“Labdakos [king of Thebes] having left a year-old son, Laios, the government was usurped by Lykos, brother of Nykteus, so long as Laios was a child. Both of them had fled [from Euboea] because they had killed Phlegyas, son of Ares and Dotis the Boeotian, and they took up their abode at Hyria, and thence having come to Thebes, they were enrolled as citizens through their friendship with Pentheus. So after being chosen commander-in-chief by the Thebans, Lykos compassed the supreme power and reigned for twenty years, but was murdered by Zethos and Amphion for the following reason. Antiope was a daughter of Nykteus, and Zeus had intercourse with her. When she was with child, and her father threatened her, she ran away to Epopeus at Sikyon and was married to him. In a fit of despondency Nykteus killed himself, after charging Lykos to punish Epopeus and Antiope. Lykos marched against Sikyon, subdued it, slew Epopeus, and led Antiope away captive. On the way she gave birth to two sons at Eleurethai [on Mount Kithairon] in Boiotia. The infants were exposed, but a neatherd found and reared them, and he called the one Zethos and the other Amphion. Now Zethos paid attention to cattle-breeding, but Amphion practised minstrelsy, for Hermes had given him a lyre. But Lykos and his wife Dirke imprisoned Antiope and treated her despitefully. Howbeit, one day her bonds were loosed of themselves, and unknown to her keepers she came to her sons cottage, begging that they would take her in. They recognized their mother and slew Lykos, but Dirke they tied to a bull, and flung her dead body into the spring that is called Dirke after her. And having succeeded to the sovereignty they fortified the city, the stones following Amphion's lyre; and they expelled Laios."
Pseudo-Apollodorus, Bibliotheca 3. 10. 1 :
“Poseidon had intercourse with . . . [the Pleiad] Alkyone, who bore a daughter, Aithousa, the mother of Eleuther by Apollon, and two sons Hyrieus and Hyperenor. Hyrieus had Nykteus and Lykos by a nymph Klonia; and Nykteus had Antiope by Polyxo; and Antiope had Zethos and Amphion by Zeus."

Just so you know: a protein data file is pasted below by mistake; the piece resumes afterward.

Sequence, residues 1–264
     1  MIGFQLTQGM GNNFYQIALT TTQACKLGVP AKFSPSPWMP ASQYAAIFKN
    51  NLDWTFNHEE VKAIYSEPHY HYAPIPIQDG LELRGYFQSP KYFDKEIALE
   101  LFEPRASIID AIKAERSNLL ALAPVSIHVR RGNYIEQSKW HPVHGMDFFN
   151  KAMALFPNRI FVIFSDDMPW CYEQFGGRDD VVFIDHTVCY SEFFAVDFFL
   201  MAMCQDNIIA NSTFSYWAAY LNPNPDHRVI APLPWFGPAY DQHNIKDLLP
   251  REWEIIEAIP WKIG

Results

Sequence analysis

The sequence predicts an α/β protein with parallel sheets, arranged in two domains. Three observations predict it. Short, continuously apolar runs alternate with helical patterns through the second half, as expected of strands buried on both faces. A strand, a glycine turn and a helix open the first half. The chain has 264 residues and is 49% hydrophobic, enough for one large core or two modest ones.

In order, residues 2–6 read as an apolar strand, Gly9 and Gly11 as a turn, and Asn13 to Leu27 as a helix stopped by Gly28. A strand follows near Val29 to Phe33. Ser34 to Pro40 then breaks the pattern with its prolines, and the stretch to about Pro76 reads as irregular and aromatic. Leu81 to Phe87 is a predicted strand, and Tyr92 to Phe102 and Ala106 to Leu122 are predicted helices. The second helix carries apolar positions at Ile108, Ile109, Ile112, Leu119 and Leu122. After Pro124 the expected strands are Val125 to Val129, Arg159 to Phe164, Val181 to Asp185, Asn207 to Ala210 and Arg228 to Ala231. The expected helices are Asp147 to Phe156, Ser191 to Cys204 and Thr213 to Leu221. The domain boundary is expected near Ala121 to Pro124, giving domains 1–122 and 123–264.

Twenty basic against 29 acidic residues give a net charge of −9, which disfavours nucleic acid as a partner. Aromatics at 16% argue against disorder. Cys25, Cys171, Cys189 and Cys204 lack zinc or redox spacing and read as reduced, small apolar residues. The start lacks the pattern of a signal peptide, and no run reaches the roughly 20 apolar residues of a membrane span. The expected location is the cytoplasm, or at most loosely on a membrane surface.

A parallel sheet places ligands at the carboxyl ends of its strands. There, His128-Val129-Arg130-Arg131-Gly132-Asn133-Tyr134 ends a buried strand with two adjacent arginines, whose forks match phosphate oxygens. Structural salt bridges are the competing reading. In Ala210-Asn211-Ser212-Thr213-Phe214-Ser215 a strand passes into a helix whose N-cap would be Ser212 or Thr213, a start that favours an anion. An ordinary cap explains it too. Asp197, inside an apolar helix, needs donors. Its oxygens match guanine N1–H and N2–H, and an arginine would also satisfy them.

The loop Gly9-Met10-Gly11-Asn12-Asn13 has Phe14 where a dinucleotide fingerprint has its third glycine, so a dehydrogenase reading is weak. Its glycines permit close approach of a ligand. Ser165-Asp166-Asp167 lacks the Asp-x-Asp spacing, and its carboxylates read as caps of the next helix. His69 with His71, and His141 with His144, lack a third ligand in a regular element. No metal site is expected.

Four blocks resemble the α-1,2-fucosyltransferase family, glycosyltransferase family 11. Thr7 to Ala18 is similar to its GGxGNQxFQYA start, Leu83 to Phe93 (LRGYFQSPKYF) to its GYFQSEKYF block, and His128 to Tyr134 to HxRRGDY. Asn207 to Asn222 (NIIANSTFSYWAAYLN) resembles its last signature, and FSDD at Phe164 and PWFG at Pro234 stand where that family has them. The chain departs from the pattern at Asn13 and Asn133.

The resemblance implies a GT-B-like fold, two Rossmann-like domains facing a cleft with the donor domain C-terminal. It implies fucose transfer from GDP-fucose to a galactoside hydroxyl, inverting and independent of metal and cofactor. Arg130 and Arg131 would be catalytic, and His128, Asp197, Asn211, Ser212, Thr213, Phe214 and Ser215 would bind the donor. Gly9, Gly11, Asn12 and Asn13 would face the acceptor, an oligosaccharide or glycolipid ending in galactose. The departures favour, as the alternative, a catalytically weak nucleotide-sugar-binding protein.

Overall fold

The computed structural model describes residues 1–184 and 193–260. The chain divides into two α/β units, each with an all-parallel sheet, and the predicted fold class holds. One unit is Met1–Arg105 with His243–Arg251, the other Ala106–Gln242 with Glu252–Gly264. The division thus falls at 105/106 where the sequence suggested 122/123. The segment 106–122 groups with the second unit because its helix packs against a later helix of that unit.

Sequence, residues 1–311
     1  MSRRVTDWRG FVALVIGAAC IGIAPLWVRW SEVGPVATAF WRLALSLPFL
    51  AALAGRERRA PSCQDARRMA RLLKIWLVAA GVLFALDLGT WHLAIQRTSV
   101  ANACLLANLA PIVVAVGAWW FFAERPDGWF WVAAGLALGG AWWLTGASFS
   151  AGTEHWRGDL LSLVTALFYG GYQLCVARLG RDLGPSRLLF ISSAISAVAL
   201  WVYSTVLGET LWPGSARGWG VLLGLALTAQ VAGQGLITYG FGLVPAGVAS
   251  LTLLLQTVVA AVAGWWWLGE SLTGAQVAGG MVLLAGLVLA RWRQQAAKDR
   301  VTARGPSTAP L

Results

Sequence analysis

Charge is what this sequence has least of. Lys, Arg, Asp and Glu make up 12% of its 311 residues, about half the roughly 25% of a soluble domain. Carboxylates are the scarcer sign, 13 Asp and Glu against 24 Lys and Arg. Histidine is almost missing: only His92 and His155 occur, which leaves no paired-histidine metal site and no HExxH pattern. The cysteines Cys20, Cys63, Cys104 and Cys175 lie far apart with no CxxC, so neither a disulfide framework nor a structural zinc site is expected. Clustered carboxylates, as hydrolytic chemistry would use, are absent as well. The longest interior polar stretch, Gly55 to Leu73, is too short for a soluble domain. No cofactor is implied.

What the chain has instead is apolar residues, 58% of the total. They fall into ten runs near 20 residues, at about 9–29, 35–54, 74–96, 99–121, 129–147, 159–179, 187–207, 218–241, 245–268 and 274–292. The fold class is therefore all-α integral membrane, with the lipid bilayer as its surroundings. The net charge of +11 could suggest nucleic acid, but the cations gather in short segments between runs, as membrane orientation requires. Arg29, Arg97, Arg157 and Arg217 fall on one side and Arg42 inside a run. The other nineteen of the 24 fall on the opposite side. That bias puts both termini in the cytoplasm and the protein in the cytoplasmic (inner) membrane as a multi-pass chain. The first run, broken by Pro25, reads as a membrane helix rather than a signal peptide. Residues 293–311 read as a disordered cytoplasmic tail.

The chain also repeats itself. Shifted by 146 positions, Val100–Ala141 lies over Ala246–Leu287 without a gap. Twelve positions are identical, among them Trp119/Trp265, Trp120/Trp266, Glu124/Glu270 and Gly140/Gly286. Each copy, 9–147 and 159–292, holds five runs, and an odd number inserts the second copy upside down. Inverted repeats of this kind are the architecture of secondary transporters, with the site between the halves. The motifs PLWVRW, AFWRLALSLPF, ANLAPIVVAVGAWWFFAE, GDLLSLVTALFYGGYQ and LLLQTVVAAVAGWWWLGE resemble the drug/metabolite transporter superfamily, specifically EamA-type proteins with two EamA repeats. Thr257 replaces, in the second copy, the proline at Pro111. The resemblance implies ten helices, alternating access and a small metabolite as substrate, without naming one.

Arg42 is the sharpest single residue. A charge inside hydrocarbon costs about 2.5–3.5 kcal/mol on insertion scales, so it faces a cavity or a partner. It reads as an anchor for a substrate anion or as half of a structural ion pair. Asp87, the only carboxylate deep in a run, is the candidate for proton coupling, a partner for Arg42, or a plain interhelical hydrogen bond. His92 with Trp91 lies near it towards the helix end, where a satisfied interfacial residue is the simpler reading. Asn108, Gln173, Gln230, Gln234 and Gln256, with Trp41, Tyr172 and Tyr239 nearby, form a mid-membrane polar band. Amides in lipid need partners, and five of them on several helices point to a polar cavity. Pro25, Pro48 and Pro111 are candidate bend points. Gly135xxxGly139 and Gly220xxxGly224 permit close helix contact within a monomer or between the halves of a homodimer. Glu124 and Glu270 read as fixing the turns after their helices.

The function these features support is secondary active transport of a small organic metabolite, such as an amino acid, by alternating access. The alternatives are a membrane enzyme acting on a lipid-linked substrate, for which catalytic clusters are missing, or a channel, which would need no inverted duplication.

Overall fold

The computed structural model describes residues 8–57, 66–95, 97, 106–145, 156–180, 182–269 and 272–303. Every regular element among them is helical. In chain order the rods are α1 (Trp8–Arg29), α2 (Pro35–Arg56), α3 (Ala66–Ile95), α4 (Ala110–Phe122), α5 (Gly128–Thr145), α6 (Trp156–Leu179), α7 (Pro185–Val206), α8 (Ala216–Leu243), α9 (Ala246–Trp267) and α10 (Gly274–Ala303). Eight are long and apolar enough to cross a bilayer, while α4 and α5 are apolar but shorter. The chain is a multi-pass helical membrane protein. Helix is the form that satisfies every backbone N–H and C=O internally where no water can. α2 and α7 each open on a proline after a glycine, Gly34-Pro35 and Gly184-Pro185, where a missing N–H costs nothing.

Pausanias, Description of Greece 1. 38. 9 (trans. Jones) (Greek travelogue C2nd A.D.) :
"A little further on [past the town of Eleutherai on Mt Kithairon] is a small cave, and beside it is a spring of cold water. The legend about the cave is that Antiope after her labour placed her babies [Amphion and Zethos] into it; as to the spring, it is said that the shepherd who found the babies washed them there for the first time, taking off their swaddling clothes."
Pausanias, Description of Greece 2. 6. 1 - 4 :
"Korax [king of Sikyon] died without issue, and at about this time came Epopeus from Thessalia and took the kingdom. In his reign the first hostile army is said to have invaded the land, which before this had enjoyed unbroken peace. The reason was this. Antiope, the daughter of Nykteus, had a name among the Greeks for beauty, and there was also a report that her father was not Nykteus but Asopos, the river that separates the territories of Thebes and Plataia.
This woman Epopeus carried off but I do not know whether he asked for her hand or adopted a bolder policy from the beginning. The Thebans came against him in arms, and in the battle Nykteus was wounded. Epopeus also was wounded, but won the day. Nykteus they carried back ill to Thebes, and when he was about to die he appointed to be regent of Thebes his brother Lykos for Labdakos, the son of Polydoros, the son of Kadmos, being still a child, was the ward of Nykteus, who on this occasion entrusted the office of guardian to Lykos. He also besought him to attack Aigialea [Sikyon] with a larger army and bring vengeance upon Epopeus; Antiope herself, if taken, was to be punished.